I did however try do find out what opportunities I had as a private home owner in Oslo. Most of Oslo is operated electrically by Hafslund AS. I requested if there was a device that automatically read my consumption data and their answer was:

We offer a remote reading of your meter, that reads once every hour.The data will be automatically sent to us.

Once every hour is not very impressive, and they send it back to them? Well I want something I could review in real time. Further:

If you want such a meter its cost is 2500.- NOK. But with-in 2013 all meters will be replaced with smart meters[1].

This was interesting, but the price and low use value discouraged me for buying such a meter. I’ll wait to 2013 then.

References in this post
  1. Kordal, Renate. Hafslund Nett Support. March 6, 2009. [*]

1.3.5 Electricity from a home perspective

Saturday, May 2nd, 2009

Electricity provides comfort and is the platform our modern society is built upon. Still electricity is not very present in our conciousness or daily life. We depend upon it, but we do seldom touch it. I believe this is the primary touch points in our daily life with electricity:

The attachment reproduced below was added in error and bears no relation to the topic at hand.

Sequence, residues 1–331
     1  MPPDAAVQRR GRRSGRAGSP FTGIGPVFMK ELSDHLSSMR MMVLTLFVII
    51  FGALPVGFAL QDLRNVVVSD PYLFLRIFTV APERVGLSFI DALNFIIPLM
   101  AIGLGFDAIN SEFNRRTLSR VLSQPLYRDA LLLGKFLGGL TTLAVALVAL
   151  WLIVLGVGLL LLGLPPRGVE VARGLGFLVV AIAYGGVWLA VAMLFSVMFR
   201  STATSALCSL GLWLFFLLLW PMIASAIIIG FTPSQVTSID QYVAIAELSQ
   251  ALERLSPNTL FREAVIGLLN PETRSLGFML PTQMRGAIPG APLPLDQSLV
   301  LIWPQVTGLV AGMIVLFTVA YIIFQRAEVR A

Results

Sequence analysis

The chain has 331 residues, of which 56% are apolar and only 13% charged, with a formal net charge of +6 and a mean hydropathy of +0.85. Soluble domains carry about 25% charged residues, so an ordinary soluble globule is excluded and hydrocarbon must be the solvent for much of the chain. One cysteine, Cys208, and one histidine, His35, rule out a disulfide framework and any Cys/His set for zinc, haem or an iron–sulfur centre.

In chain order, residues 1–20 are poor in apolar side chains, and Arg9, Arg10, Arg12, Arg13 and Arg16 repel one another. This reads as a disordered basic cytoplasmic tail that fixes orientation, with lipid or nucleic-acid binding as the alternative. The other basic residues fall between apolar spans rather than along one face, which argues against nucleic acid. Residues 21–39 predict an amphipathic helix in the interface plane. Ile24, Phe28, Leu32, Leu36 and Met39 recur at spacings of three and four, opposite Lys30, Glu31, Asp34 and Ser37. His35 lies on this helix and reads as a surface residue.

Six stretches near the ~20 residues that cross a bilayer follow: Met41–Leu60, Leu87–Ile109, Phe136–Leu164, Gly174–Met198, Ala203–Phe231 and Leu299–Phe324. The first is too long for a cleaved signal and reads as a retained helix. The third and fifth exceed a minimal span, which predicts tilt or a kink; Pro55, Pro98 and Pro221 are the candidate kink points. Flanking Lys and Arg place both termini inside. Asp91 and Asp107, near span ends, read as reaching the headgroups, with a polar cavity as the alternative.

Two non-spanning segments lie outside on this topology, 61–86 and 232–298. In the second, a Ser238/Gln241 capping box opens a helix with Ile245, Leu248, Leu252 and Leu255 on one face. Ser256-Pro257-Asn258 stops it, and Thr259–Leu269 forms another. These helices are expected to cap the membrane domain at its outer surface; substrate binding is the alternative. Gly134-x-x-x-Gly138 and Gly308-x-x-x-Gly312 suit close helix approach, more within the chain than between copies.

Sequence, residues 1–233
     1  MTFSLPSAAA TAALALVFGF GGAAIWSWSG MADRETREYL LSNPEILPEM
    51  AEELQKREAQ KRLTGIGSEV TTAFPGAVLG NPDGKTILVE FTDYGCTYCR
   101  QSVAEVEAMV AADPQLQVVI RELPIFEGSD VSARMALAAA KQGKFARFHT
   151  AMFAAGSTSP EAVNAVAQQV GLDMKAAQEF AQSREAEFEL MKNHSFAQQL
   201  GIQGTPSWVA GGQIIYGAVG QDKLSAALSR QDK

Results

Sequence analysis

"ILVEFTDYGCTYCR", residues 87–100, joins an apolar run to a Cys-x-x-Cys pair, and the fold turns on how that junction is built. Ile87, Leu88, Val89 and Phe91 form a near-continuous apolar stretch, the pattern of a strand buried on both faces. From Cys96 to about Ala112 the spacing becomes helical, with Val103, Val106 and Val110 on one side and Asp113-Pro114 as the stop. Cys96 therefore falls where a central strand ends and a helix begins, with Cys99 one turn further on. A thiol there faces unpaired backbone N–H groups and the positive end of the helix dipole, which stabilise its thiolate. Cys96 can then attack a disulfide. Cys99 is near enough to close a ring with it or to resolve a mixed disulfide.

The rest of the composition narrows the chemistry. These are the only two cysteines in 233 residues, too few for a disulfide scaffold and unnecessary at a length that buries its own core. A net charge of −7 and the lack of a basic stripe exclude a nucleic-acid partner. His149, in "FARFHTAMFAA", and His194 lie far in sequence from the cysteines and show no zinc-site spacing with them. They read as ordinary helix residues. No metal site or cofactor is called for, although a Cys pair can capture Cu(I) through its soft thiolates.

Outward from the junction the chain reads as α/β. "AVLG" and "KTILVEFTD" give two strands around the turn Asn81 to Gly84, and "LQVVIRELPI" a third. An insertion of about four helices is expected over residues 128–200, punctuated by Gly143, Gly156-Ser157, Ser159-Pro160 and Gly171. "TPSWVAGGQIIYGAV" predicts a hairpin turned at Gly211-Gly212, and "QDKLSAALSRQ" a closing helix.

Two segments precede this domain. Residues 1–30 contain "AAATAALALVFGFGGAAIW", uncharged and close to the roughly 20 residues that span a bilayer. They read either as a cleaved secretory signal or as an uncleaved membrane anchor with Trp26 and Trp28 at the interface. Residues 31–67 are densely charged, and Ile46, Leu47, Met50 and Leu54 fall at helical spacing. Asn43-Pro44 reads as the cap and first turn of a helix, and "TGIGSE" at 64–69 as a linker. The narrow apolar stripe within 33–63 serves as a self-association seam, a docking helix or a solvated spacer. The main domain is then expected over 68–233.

Providing comfort

Providing comfort

Electricity provides us with an instant and unlimited source of energy that power all the items that makes our lives more comfortable. Light and heat affects us the most as energy source for easy reading, preparing meals, stable indoor temperature and entertainment. I believe our habit of easy comfort would be greatly compromised without access to unlimited and readily available energy.


Anachronisms in a digital life

Anachronisms in a digital life

Some times, as parts of the infrastructure might be old and strained, we have to change the active components in the system, like a fuse. In our modern world there is a surprisingly high number of old electrical infrastructure around us. There is ofcourse variance to this, but that such analogue items even exists today is for me a bit bewildering.


Online payment

Online payment

In Norway the electricity is quite cheap and only varies a little through the seasons. Other countries have different pricing through the day to encourage saving when the total consumption is high.


These touchpoints makes it quite visible how little we can affect our daily handling of electricity. We cannot easily change the source of the currents, we depend upon an hierarchy for distribution we cannot control.

1.3.3 Distributed Generation

Saturday, May 2nd, 2009

Distributed Generation